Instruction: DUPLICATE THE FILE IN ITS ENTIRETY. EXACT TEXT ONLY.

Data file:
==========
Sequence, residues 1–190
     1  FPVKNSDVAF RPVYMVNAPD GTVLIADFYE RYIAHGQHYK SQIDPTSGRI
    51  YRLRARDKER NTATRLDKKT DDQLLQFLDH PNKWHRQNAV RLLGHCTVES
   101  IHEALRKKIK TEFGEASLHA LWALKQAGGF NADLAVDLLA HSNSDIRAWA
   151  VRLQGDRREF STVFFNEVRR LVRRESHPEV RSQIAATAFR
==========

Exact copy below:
Sequence, residues 1–190
     1  FPVKNSDVAF RPVYMVNAPD GTVLIADFYE RYIAHGQHYK SQIDPTSGRI
    51  YRLRARDKER NTATRLDKKT DDQLLQFLDH PNKWHRQNAV RLLGHCTVES
   101  IHEALRKKIK TEFGEASLHA LWALKQAGGF NADLAVDLLA HSNSDIRAWA
   151  VRLQGDRREF STVFFNEVRR LVRRESHPEV RSQIAATAFR